Jackson Pollock the World Term Paper

Pages: 8 (2578 words)  ·  Style: Chicago  ·  Bibliography Sources: 5  ·  Level: College Sophomore  ·  Topic: Art  (general)

Jackson Pollock

THE WORLD OF JACKSON POLLOCK

AND HIS ART

According to Anthony White, the abstract paintings of the American artist Jackson Pollock (1912-1956) "are among the highest achievements of 20th-century art," and during "an unparalleled period of creativity from the late 1940s to the early 1950s, Pollock abandoned the conventional tools and methods of the painter, putting aside brushes, artist's paint and traditional composition, and poured and flung house paint directly onto large canvases placed on the floor." This unique and startling artistic style "had an enormous impact on contemporary art" which can still be sensed even today ("Jackson Pollock: Before Blue Poles," Internet).

In order to understand and appreciate the world of Jackson Pollock and his amazing art, we must first explore the world of art that came before him during the middle years of the 20th century. Following the end of World War II in 1945 and the beginning of the "Atomic Age," there persisted a haunting dread among many Americans that life "had no meaning or value" which influenced a number of highly-successful artists to protest in paint against what they saw as a mechanized culture that did not tolerate individualism and non-conformity. At this time, a new artistic style emerged known as Expressionism which was harsher, more defiant and rebellious than any of its predecessors and "insisted on an even more radical abstraction from the world of reality." 1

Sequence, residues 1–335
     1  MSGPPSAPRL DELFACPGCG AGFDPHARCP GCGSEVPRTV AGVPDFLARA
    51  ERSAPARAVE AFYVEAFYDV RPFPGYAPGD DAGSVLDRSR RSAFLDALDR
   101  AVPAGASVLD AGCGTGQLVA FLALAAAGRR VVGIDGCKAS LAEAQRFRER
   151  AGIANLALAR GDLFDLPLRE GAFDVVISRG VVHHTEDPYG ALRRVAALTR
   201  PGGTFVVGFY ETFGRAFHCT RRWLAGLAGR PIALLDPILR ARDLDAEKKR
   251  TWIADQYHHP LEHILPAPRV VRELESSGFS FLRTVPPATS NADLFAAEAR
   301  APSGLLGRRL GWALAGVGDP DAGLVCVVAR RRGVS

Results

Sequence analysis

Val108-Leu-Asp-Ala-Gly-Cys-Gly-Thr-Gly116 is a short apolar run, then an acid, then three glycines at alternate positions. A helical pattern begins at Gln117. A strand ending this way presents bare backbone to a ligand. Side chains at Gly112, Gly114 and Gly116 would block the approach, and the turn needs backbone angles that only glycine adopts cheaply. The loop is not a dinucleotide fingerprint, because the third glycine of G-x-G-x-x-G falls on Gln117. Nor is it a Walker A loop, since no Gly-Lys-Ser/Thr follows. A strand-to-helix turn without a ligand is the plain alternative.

As Western civilization continued to spread its culture and beliefs to all parts of the globe during the early 1940's, traditional values and those linked to organized modern life (i.e, the traditional family structure), were facing harsh criticism from many different sources and were declared by some as largely false. According to Justin Spring, writing in The Essential Jackson

Pollock, "It was almost as if the only value left was the belief in the artistic process on the grounds that in creativity alone resides the true nature of mankind." 2 Thus, the life of the artist becomes a model of free expression via the pursuit of self-identity and self-knowledge through art, supported by a sense of mysticism and a fascination with the unknown.